View of Jimmie Durham's “Spirit/Xitle” on the plaza

Jimmie Durham: Still Life with Spirit and Xitle, 2007
On view

In works that are part-performance, part-sculpture, Jimmie Durham (American, b. 1940) uses humor and irreverence to arrive at probing, layered insights.

Still Life with Spirit and Xitle (2007), making its DC debut as a new addition to the collection, is a slapstick disaster scene that was first enacted in Mexico City in 2007. Nearly 2,000 years ago, the Mexican volcano Xitle, or “spirit,” erupted and destroyed the ancient city of Cuicuilco. To create the seemingly impulsive sculpture, Durham quarried a 9-ton boulder of red basalt from the archaeological site and used a crane to drop it onto the roof of a 1992 Chrysler Spirit. As a finishing touch, he graffitied the stone with a smug, cartoon-like face. Despite its comedy, the work carries a complex gravity, capturing the moment at which the spirits of ancient and modern collide.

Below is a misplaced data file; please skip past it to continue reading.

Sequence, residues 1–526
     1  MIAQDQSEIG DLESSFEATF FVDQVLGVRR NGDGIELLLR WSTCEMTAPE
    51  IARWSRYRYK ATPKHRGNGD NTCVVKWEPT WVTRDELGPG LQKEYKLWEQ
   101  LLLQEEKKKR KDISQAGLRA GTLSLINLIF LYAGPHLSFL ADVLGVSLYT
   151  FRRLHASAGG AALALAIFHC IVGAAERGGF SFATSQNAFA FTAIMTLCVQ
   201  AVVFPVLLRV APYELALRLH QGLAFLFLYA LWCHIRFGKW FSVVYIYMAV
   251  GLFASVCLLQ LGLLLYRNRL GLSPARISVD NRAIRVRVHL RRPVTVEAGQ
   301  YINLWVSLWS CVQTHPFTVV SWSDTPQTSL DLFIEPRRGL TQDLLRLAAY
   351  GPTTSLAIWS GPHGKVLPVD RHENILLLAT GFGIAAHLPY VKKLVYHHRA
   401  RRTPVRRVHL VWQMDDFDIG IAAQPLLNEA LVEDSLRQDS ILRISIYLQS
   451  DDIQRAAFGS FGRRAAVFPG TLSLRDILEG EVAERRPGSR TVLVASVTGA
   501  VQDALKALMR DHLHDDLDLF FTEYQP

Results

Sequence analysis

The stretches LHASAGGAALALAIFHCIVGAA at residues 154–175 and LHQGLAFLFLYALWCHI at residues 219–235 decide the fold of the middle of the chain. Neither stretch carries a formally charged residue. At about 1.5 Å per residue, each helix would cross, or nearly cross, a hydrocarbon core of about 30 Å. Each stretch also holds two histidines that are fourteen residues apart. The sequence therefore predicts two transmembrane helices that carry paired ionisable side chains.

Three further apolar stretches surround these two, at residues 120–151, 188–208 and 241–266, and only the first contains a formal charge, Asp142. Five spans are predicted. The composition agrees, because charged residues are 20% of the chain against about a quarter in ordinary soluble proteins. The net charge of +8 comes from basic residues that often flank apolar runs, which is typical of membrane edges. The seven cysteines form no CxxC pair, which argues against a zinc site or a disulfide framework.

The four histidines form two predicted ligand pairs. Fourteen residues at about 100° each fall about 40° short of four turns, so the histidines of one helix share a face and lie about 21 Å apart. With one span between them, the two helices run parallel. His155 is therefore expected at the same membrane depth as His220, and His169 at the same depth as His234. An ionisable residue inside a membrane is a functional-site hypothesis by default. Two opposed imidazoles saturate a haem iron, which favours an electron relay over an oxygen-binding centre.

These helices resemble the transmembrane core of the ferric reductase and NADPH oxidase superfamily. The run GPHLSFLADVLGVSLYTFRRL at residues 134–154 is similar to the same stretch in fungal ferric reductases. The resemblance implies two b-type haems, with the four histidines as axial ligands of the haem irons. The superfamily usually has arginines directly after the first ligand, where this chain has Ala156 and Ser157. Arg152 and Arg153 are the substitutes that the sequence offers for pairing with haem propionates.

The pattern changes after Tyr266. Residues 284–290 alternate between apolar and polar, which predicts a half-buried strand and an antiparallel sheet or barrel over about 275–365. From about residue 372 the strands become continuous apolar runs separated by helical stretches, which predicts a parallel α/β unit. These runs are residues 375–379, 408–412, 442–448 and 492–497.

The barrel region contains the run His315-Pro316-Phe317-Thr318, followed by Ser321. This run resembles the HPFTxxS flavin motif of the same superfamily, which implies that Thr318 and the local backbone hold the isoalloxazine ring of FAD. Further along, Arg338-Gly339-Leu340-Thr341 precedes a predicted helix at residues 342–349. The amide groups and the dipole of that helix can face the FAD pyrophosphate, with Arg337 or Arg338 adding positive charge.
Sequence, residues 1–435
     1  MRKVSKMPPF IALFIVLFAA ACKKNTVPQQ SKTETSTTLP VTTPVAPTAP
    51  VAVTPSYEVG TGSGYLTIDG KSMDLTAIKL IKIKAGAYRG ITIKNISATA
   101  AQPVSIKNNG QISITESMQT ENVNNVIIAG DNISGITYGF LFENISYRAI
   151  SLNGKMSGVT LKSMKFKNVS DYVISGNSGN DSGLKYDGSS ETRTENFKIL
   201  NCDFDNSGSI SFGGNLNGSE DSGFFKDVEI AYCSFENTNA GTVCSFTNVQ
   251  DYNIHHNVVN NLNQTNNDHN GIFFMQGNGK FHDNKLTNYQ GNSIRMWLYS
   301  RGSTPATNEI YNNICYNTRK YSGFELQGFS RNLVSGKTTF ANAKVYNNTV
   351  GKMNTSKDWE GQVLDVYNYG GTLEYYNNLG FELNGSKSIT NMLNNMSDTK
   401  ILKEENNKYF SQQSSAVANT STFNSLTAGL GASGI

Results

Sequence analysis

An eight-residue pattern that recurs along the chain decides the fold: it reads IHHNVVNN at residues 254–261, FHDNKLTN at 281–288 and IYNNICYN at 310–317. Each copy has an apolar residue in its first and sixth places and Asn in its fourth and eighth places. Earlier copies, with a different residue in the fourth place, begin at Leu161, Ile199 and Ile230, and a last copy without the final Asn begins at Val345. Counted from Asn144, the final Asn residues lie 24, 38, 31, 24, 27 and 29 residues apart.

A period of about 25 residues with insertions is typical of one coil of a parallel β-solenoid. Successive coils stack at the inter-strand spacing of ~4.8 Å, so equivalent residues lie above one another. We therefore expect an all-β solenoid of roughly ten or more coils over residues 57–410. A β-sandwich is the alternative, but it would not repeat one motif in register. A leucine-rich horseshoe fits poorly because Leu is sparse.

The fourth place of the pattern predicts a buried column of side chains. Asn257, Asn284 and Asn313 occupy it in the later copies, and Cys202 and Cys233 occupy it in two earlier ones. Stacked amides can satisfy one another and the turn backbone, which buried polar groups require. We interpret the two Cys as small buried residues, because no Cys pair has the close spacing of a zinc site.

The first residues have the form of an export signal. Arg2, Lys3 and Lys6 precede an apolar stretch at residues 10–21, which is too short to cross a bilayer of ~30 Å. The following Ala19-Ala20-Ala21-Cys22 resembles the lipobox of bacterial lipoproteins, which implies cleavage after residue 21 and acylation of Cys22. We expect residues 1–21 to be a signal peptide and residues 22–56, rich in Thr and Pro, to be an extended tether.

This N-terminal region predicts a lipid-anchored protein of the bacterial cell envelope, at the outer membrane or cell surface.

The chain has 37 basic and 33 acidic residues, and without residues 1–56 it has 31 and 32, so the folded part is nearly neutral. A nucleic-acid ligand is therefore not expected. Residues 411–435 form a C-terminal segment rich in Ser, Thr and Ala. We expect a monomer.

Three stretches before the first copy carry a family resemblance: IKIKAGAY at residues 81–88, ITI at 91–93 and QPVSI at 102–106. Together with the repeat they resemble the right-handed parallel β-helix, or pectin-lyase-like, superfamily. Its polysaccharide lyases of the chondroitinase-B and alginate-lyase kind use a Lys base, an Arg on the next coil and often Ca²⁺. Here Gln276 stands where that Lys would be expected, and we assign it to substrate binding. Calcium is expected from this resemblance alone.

For many years, Durham’s work has explored the complexities of stone and both its physical and metaphoric weights, using stones to smash glass in galleries, household appliances, automobiles, aircraft, and a small barge. Famous for operating outside of the establishment, Durham frequently expresses his belief that the artist’s role is to question the power of industries, corporations, and governments.

Born in Washington, Arkansas, Durham has spent much of his life outside the U.S. After working as a political organizer for the American Indian Movement in the 1970’s, he moved to Cuernavaca, Mexico, before ultimately relocating to Europe in 1994. He has exhibited widely at venues throughout Europe, including most recently the Serpentine Gallery, London (2015); MuHKA, Antwerp (2012), and the Glasgow International Festival (2010).